What Is a Project Engineering Manager?
Project engineering managers oversee large scale engineering projects in a wide variety of industries, including software development, food processing and production, transportation, utility industries (water, electric, etc.), glassmaking, and other industries involved in engineering activities or where engineering is an intrinsic part of the industry. They are directly involved with overseeing the quality and cost of projects as well as their timely delivery and optimal performance. They are responsible for managing the overall technical scope of an engineering project including the definition of project scope, design, project parameters, and consultation with management on all phases involved in large scale projects. Such projects can include new engineering initiatives as well as organization-wide upgrades. They develop maintenance plans with a focus on process improvement and optimizing productivity, as well as planning duties for facility management. Project engineering managers provide engineering expertise and support at the strategic level for organization projects.
These managers serve as coordinators with third-party vendors and subcontractors in identifying costs for equipment as well as coordinating staff, preparing expenditure reports, and providing Bill of Materials (BOM). They assume responsibility in an organization's capital projects with respect to code and regulatory compliance. Project engineering managers conduct risk analysis on the project and prepare reports detailing risk mitigation measures. They serve in a supervisory capacity in the evaluation of engineering teams involved in the project. If there are potential technical issues looming on the project, project engineering managers work in a support role to establish protocols and procedures to address these issues.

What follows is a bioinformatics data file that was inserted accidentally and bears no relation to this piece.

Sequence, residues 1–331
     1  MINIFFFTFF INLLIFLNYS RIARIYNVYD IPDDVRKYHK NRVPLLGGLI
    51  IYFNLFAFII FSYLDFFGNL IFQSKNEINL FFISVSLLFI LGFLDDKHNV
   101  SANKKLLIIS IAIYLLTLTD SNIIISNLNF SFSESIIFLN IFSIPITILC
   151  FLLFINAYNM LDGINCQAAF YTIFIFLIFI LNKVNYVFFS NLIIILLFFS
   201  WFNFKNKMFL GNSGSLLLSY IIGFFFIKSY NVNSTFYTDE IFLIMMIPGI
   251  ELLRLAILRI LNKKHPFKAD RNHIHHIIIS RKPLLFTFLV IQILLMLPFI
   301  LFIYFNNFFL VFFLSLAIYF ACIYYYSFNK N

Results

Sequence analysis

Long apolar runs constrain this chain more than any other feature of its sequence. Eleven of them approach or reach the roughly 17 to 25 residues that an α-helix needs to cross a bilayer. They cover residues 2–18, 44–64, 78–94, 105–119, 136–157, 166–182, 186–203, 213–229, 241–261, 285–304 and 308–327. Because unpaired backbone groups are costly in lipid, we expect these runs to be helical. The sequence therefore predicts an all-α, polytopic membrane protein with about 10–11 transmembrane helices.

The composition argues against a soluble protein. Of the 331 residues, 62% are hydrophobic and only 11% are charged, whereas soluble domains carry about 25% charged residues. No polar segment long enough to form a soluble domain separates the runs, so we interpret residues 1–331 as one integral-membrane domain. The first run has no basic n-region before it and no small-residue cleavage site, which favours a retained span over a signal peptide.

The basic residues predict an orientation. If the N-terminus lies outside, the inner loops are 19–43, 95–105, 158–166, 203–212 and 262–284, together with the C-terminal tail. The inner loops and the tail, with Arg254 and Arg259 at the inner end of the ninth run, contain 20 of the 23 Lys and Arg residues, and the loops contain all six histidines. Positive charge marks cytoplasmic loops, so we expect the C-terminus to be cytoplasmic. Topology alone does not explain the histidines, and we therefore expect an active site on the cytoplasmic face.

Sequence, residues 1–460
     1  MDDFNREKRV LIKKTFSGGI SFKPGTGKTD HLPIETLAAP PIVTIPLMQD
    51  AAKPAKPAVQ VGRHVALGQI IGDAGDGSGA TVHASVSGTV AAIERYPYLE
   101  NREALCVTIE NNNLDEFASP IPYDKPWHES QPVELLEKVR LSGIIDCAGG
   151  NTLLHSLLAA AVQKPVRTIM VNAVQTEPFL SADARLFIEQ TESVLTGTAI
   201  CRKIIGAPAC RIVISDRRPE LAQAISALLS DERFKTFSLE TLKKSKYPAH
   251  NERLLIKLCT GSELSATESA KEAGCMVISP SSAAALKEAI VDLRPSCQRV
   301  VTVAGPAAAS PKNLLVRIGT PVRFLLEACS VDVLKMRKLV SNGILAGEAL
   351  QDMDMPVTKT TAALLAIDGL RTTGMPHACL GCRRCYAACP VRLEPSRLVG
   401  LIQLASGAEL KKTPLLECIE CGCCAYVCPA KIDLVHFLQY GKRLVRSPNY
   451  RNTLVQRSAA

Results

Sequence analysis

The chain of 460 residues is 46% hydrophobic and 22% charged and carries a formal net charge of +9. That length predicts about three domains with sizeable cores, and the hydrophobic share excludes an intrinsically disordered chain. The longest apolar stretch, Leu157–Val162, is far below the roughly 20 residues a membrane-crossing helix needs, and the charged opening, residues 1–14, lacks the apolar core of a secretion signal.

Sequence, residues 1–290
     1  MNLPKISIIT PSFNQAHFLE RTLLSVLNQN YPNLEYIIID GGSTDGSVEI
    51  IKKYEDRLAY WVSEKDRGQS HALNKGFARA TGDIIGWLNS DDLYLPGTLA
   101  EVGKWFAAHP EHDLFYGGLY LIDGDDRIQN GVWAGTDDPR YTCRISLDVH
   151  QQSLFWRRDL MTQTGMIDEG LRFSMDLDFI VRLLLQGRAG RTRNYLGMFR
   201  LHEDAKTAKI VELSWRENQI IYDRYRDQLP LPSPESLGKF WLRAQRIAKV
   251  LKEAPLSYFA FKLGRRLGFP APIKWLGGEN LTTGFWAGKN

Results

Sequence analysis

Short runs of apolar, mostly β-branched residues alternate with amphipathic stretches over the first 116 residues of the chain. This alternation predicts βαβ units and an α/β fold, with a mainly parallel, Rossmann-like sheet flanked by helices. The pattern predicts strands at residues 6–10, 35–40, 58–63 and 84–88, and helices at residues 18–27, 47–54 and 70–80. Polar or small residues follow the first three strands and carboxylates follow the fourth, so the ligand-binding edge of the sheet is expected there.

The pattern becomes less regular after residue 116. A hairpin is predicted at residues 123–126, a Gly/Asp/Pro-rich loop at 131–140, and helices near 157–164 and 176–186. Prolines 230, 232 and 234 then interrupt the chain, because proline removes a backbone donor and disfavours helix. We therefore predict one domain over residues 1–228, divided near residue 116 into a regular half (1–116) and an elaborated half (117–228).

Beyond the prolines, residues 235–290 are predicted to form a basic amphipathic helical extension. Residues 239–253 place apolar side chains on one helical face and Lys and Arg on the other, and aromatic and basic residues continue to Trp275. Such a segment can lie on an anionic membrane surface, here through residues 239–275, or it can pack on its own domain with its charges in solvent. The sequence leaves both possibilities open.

|Educational Requirements||Bachelor's degree|
|Job Skills||Proficiency in AutoCAD; expertise in engineering principles; excellent written and oral communication skills; a strong understanding of federal, state, and local laws and regulations; problem-solving; management; risk assessment|
|Median Salary (2019)*||$89,787|
|Job Outlook (2016-2026)**||6% (architectural and engineering managers)|
Sources: *Payscale.com **U.S. Bureau of Labor Statistics
Project engineering managers need a bachelor's degree. Employers largely prefer a bachelor's in engineering or a related field. Some employers also prefer certification as a licensed professional engineer. Additionally, prior practical engineering work experience is strongly desired by many employers.
Because project engineering managers oversee large capital engineering projects, they must possess expertise in engineering principles and methods as well as proficiency with engineering applications such as AutoCAD. Excellent written and oral communication skills are necessary because project managers coordinate with management with respect to project cost; they must communicate clearly with third-party vendors and subcontractors involved in the project, and they should have especially strong technical writing skills because they oversee all technical aspects of the project. Oversight of capital projects requires strong knowledge of various governmental laws and regulations for which the manager is responsible in terms of project compliance. Problems crop up in projects and managers must anticipate them and work to resolve them; thus, formidable problem-solving skills are imperative. Management ability is required because project managers oversee staff as well as the management of equipment, cost outlay, and other crucial factors related to capital projects.
Career Outlook and Salary
The U.S. Bureau of Labor Statistics (BLS) reports that the job growth rate for architectural and engineering managers between 2016 and 2026 is expected to be 6%. This growth rate is about as fast as average compared to all other occupations according to the BLS. In May 2019, Payscale.com reported that the annual median salary for project engineering managers was $89,787.
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